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Employers offer wellness programs and hope for cost savings

BOISE, Id. – Heidi Martin travels the Treasure Valley regularly to administer a wellness program for Saint Alphonsus Health System workers in the Treasure Valley. Martin assists with blood draws, the gathering of data such as height, weight and blood pressure, and with providing nutrition and other coaching services.

Martin is one of many workers around country focused on improving employee health with the hope of raising attendance, cutting absenteeism, and enhancing quality of life.

A 2013 Henry J. Kaiser Family Foundation report found that three-quarters of private businesses in the nation offer at least one wellness program. The report said 24 percent offer health risk assessments and 57 percent offer at least one disease management program.

U.S. companies spent $3 billion on wellness programs last year, said Brian Berchtold, vice president of sales and marketing for a Portland, Ore. company called Hubbub Health that provides an online wellness platform for employers. The market has grown about 5 percent in the last 5 years, and is expected to grow 10 percent over the next 5 years, Berchtold said. That includes everything from annual flu shots for employees to on-site gyms.

There’s some evidence that wellness programs can help improve performance and cut problems such as absenteeism. Companies that provide wellness services promote surveys showing that wellness programs for workers increase employee retention and health insurance costs. The Tacoma-Pierce County Health Department, using 2003 research, said wellness programs cut health care costs by 26 percent. The department said businesses with worksite wellness programs report a 28 percent reduction in sick leave absenteeism.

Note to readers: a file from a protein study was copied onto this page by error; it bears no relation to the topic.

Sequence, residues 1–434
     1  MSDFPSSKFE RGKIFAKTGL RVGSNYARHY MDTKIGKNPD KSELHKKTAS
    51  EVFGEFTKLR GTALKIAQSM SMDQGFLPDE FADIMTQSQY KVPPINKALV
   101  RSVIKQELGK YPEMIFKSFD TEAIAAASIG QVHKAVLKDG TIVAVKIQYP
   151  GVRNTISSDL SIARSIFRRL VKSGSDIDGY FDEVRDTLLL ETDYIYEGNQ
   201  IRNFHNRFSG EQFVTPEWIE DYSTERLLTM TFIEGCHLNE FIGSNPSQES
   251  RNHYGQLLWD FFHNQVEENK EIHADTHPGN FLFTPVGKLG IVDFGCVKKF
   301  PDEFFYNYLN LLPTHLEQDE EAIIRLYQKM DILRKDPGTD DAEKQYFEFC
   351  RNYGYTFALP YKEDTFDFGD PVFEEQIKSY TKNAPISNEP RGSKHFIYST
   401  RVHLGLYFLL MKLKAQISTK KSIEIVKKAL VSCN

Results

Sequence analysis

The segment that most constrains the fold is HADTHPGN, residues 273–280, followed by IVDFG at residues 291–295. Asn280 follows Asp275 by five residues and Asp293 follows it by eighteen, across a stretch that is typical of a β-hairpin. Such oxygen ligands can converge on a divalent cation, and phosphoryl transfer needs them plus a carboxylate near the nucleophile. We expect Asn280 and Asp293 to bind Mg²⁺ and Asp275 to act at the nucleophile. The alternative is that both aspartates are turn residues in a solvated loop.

But it’s difficult to know the long-term effects, because there’s no industry standard for measuring the impact of wellness programs. And insurance premiums are based on so many different variables that it’s very hard to correlate them with recent improvements brought about by wellness programs, said Suzie Owen, a wellness consultant for the PacificSource health insurance company in Boise.

Instead, “we try to promote VOI, or Value of Investment,” Owen said. “That’s the value of demonstrating that healthy people are more productive at work, have less absenteeism, and are more apt to do the job well because their employer has invested in them.”

Saint Alphonsus offers a wellness program to all of its 4,600 employees. The health system has a wellness team with four full-time employees, including two registered dieticians, a registered nurse and a manager. The health system has been offering wellness programs to outside organizations and businesses for more than 10 years, said spokesman Josh Schlaich. Saint Alphonsus re-launched its internal wellness program about six months ago. Schlaich said it’s too early to know how much the program will cost or save.

Because the program is so new, “we have not yet reached the point that we’re able to calculate specific internal success metrics (price-per-colleague, ROI, etc.),” Schlaich said.

Saint Alphonsus offers a variety of benefits, including onsite consultations with a dietician or a nurse; weight management support groups, tobacco cessation programs, physical activity opportunities and on-site athletic equipment. One such offering is its Lifesteps program- a 16-week one-hour-per-week nutrition management class.